Rapid Foodborne Illness Detection System

Award Information
Agency: Department of Agriculture
Branch: N/A
Contract: 2016-33610-25700
Agency Tracking Number: 2016-03883
Amount: $600,000.00
Phase: Phase II
Program: SBIR
Solicitation Topic Code: 8.5
Solicitation Number: N/A
Timeline
Solicitation Year: 2016
Award Year: 2016
Award Start Date (Proposal Award Date): 2016-09-01
Award End Date (Contract End Date): 2018-08-31
Small Business Information
1845 WEST 205TH STREET, Torrance, CA, 90501-0000
DUNS: 153865951
HUBZone Owned: N
Woman Owned: Y
Socially and Economically Disadvantaged: N
Principal Investigator
 Chung-Yen Chao
 Sr. Research Scientist
 (310) 320-3088
 psproposals@poc.com
Business Contact
 Gordon Drew
Title: Chief Financial Officer
Phone: (310) 320-3088
Email: gedrew@poc.com
Research Institution
N/A
Abstract
Approximately 47.8 million episodes of foodborne illnesses (to one in six Americans), occur each year and result in roughly 128,000 hospitalizations and 3,000 deaths in the U.S. Approximately half of the reported foodborne illnesses occur in children, with the majority occurring in children under 15 years of age. The development of reliable and effective methods to detect foodborne hazards (pathogens, microorganisms, chemicals, toxins) is therefore of paramount importance. To address the USDA's need for a field-ready device to rapidly detect foodborne hazards on site during pre- and post-harvest processing and distribution, Physical Optics Corporation (POC) proposes to continue the development of a novel rapid Foodborne Illness Detection (FOBID) system based on POC's established sandwich enzyme-linked immunosorbent assay (ELISA) and lab-on-a-chip technologies. The use of microfluidic chips to perform ELISA allows reagent volumes of <1 mL and assay times of <60 min, leading to a significant reduction of reagent-associated costs and technician-hours typically required for the time-consuming laboratory-based testing. Importantly, the early knowledge about a food's condition can stop the tainted food from reaching the public, thus ensuring more efficient processing and a healthier food supply. The new FOBID system design allows for quantitative identification, agnostic sample preparation, process automation with little training, multiplex assay capability, and high portability. In Phase I, POC demonstrated FOBID feasibility by assembling a benchtop prototype and detecting and identifying two selected pathogens. Phase II will be devoted to developing a commercially viable FOBID system, demonstrating the assembled portable prototype for rapid and easy-to-use foodborne pathogen detection. We will extend the capabilities demonstrated in Phase I by enhancing accuracy, sensitivity, and the preconcentration process; reducing costs; improving configurability for customizable assays; and automating the system. We will also focus on thorough evaluation of FOBID's ability to detect and identify multiple foodborne pathogens spiked into various types of food matrices to mimic realistic situations. Its ease of use and applicability to practical situations will be evaluated with input from end users in the food value chain, such as producers, processors, and distributors.The overall goal of the proposed effort is to develop and demonstrate the capability of the FOBID system to rapidly identify targeted microbial pathogens/toxins in a format that is compatible with on-site detection in pre- and postharvest processing and distribution environments. The following specific objectives have been established to reach this goal: (1) Refinement of the FOBID system; (2) Optimization of the FOBID assays; (3) Assembly of the FOBID prototype; (4) Demonstration of FOBID performance in efficient pathogen identification; and (5) Definition of the commercial market for FOBID technology.With the fully developed FOBID, we anticipate that the nation will have a cost-effective and efficient platform for rapid on-site identification of microbial pathogens and biological toxins in food, water, or environmental samples. While such capability is essential to those involved in the food value chain, including producers, aggregators/processors, distributors, food service and retailers, and service providers of food testing, it can also be implemented by the local, state, and federal agencies, such as the Centers for Disease Control and Prevention (CDC) for easy monitoring and control of food illness outbreaks.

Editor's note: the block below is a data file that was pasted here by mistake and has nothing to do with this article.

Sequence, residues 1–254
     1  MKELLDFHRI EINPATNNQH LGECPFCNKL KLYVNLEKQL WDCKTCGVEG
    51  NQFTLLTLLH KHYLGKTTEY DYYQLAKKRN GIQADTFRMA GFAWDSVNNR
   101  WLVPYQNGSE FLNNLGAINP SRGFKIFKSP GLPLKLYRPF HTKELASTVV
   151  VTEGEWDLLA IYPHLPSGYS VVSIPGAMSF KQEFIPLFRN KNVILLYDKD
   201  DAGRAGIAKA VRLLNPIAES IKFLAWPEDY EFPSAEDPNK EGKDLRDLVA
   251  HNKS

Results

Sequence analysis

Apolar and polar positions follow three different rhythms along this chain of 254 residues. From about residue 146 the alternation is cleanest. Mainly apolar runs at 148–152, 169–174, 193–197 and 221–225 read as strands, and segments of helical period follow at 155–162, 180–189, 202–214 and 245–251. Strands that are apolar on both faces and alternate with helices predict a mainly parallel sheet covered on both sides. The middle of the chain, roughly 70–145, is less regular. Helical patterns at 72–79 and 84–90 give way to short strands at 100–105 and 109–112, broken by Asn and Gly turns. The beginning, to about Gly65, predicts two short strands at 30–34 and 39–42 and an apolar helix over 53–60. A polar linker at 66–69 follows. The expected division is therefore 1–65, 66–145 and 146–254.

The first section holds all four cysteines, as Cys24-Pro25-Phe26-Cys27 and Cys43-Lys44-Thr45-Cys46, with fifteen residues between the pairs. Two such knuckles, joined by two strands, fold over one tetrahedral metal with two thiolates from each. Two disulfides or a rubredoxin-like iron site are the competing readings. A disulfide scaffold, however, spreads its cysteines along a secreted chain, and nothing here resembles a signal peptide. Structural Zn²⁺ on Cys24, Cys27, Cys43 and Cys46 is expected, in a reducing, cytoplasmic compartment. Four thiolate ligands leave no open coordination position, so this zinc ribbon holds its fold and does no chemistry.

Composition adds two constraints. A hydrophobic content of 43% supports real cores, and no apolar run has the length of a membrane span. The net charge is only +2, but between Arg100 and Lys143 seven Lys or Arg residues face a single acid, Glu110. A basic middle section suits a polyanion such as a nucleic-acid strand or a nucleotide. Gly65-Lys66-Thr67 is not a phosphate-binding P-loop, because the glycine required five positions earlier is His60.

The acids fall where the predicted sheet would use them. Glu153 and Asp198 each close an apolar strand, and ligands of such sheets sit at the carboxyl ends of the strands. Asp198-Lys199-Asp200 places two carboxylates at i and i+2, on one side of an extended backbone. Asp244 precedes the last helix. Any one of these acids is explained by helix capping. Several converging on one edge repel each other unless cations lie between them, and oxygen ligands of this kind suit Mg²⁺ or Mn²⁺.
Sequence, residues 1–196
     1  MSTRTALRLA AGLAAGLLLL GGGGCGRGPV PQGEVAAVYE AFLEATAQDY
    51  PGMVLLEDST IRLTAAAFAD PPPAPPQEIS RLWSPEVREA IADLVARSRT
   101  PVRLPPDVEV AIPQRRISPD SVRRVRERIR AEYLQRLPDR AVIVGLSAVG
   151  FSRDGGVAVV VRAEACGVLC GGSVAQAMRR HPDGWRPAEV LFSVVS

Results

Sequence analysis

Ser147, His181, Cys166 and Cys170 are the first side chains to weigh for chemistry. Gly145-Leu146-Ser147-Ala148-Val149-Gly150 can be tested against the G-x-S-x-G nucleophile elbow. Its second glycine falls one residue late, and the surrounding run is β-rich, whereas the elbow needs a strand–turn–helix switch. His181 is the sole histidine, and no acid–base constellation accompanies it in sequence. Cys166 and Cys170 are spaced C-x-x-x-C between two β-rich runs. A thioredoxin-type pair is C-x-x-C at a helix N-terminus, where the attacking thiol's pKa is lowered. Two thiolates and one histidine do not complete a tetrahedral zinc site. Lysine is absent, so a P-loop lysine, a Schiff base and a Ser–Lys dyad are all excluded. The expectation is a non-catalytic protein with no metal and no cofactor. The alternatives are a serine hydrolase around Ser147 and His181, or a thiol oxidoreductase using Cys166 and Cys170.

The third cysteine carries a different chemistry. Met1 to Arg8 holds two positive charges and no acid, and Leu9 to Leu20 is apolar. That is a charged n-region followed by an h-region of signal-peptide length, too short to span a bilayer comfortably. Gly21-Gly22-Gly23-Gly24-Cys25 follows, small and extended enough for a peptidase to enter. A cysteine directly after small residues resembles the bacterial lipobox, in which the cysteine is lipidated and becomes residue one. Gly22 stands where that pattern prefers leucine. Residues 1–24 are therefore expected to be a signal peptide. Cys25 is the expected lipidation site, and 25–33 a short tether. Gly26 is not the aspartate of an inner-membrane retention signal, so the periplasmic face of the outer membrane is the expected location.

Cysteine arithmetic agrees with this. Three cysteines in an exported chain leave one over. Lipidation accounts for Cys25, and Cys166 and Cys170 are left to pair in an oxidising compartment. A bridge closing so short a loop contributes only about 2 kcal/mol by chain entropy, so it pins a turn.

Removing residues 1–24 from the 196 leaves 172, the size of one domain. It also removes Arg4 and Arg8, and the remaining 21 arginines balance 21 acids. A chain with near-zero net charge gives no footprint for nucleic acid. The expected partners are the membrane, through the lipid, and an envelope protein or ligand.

* Information listed above is at the time of submission. *

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